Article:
SPC Media Release: Principal Wellbeing

The NSW Secondary Principals’ Council is urging the State Government to invest in more training, resources and support services for school leaders, with the latest wellbeing survey showing alarming levels of overwork, burnout and stress after the COVID pandemic.

 The Australian Principal Occupational, Health, Safety and Wellbeing Survey 2020 is a longitudinal study tracking trends in the health, wellbeing, and safety of school leaders and making policy recommendations to both government and key stakeholders.

In its 10th year the study is jointly conducted by researchers at Australian Catholic University (ACU) and Deakin University, surveying 2,248 school principals in primary and secondary schools across all states and territories.

Craig Petersen, President, NSW Secondary Principals’ Council welcomes the report.  “The survey findings parallel our own research which was conducted in association with Dr Scott Imig of Newcastle University as well as the recent Valuing the Teaching Profession Report, initiated by NSW Teachers’ Federation,” he said.

“The national report is incredibly insightful and identifies many of the key drivers of health risk to principals. In our NSW context, there are also additional stressors related to a constantly changing reform agenda.”

The Secondary Principals’ Council warns that the long-term fallout from the disastrous bushfire season (2019-2020) and the global pandemic could be felt in schools for generations and are urging the Federal to avoid cutting education funding to make up for the financial costs of COVID rescue packages.

“School communities are still recovering from the major disruptions of the last 12-18 months,” said Craig Petersen.  “We cannot afford to under-estimate the impact that this is having on individuals in our schools, including the principal, who is often the lynch-pin of the local community.”


 Workload issues: Almost all principals (97%) worked overtime and close to 70% worked more than 56 hours a week during school term and 25 hours a week during the holidays.

Mental health concerns: Three of out 10 school leaders (almost 30%) received a red flag email alerting them to contact employee support services. These alert emails are triggered when school leaders taking the survey are considered at risk of self-harm, occupational health problems or serious impacts to their quality of life.

Offensive behaviours: More than 40% of principals reported being exposed to threats of violence or being a victim of physical violence in 2020. This is up to 9 times greater than the general population. However, several categories of offensive behaviours decreased in 2020 which is attributed to the reduced face-to-face contact with parents.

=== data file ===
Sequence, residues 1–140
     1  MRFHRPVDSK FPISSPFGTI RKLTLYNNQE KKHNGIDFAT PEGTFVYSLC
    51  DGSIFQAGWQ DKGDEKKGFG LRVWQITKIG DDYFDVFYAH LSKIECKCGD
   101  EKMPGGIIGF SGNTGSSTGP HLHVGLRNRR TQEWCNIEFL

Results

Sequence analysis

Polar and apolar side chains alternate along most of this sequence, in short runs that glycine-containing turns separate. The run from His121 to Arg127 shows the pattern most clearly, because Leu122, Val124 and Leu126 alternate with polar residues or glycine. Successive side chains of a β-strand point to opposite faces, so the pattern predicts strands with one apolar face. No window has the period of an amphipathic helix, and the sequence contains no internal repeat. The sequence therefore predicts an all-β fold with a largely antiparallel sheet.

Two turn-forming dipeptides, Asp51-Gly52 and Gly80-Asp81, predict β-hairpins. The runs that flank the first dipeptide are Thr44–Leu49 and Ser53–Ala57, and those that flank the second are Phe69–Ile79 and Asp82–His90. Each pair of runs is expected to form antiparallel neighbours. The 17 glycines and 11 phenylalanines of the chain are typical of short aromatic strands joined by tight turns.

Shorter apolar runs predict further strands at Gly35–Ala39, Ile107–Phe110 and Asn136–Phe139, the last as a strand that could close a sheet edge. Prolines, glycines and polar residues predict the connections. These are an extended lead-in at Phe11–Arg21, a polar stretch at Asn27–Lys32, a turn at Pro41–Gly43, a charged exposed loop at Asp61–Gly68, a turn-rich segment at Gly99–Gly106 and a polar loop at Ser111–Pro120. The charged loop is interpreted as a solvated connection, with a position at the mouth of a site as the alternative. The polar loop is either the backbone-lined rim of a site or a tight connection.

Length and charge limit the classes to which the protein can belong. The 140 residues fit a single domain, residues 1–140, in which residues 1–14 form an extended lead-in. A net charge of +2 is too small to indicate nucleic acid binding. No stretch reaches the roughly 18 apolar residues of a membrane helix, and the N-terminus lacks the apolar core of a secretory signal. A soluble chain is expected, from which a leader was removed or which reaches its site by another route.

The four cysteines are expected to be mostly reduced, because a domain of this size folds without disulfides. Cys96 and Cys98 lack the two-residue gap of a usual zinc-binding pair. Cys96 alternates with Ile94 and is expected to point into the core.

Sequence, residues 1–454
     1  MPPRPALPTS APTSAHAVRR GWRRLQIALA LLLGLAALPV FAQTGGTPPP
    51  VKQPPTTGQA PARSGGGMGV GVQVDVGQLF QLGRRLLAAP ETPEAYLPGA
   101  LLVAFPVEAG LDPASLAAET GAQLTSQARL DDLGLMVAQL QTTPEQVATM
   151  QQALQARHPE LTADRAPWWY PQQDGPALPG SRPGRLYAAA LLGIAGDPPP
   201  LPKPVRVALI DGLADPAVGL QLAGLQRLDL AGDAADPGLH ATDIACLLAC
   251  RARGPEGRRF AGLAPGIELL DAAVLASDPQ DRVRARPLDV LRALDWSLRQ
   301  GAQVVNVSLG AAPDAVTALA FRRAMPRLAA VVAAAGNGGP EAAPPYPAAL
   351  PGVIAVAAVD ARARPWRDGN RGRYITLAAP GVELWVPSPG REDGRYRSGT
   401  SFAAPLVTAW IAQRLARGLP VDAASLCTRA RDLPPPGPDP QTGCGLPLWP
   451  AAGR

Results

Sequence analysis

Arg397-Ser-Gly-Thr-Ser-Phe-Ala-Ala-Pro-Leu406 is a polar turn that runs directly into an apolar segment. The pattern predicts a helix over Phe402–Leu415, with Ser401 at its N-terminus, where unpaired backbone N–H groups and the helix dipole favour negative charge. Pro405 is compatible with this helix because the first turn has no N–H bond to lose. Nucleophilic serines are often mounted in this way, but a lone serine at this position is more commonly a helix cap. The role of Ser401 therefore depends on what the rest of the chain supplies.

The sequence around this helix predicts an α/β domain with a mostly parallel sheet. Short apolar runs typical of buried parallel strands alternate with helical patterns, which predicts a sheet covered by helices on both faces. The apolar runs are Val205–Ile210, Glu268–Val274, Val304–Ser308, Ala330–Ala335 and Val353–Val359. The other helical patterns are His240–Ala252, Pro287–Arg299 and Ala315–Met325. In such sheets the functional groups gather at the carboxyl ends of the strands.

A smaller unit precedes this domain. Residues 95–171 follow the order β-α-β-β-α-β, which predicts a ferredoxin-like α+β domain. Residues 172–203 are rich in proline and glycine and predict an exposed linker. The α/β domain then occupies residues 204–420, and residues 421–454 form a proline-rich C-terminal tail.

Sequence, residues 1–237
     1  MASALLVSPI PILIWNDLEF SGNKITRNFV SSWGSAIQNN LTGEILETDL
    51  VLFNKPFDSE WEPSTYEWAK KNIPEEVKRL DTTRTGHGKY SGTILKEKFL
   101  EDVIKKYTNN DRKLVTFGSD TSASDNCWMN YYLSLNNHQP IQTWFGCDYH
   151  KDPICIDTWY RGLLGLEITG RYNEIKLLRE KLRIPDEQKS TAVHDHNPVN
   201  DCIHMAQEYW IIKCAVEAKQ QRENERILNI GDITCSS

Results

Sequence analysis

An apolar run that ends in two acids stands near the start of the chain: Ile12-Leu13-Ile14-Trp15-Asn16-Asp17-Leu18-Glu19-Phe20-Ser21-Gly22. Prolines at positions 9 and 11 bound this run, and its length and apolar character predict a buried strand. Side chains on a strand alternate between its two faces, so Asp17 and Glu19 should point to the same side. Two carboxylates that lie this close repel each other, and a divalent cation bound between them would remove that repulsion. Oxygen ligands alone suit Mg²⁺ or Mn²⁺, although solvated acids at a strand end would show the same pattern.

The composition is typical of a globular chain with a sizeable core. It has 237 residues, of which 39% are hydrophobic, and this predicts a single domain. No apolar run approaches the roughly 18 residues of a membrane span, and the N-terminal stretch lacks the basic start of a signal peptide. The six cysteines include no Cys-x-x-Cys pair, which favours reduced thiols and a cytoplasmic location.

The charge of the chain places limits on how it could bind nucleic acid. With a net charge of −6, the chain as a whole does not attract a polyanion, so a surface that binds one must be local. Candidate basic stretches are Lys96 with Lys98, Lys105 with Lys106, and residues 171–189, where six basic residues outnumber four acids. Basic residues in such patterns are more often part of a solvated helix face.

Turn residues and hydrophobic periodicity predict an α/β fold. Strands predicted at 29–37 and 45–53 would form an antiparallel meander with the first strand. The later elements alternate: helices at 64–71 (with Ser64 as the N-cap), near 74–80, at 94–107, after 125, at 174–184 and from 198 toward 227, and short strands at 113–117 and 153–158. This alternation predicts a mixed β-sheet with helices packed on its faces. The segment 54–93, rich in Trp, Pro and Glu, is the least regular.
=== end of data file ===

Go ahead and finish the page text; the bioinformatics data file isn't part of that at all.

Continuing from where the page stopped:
Aging workforce: Almost half (47.5%) of school leaders are over 56 years of age. Almost 7% (6.8%) of school leaders plan to retire this year in 2021.

Job Satisfaction improvements: More Principals reported an increase in job satisfaction and  commitment to the workplace, as well as more support from colleagues and supervisors. This was also helped by a positive shift in community attitudes towards school leaders and schools seen as essential services during COVID.

 “Whilst there has been some improvement, at a local level, in the appreciation of the work of teachers and principals, we have not seen this enhanced perception reflected in a sustained way beyond the local communities,” said Mr Petersen.  “Our teachers and leaders, who were seen as essential during the height of the pandemic, are often disregarded in relation to our ongoing concerns around the work environment and increasing workload intensification and complexity.”


  • Independent taskforce to investigate offensive behaviours occurring in schools.
  • Employers need to take the moral choice of reducing job demands or increase job resources to allow school leaders to cope with the increased workload.
  • Federal, state & territory governments should come together to maintain a single education budget in a managerial way. All school funding should be transparent so that anyone, at any level of the system, can confidently know how much money schools have.

“There demands on our school teachers and leaders have continued to grow at the same time  that the complexity of our schools has increased significantly,” says Craig Petersen.  “All of our students and staff deserve a safe environment in which to learn and work.  We need to prioritise maximising the potential of every child, regardless of their family circumstance or the community in which they live.”


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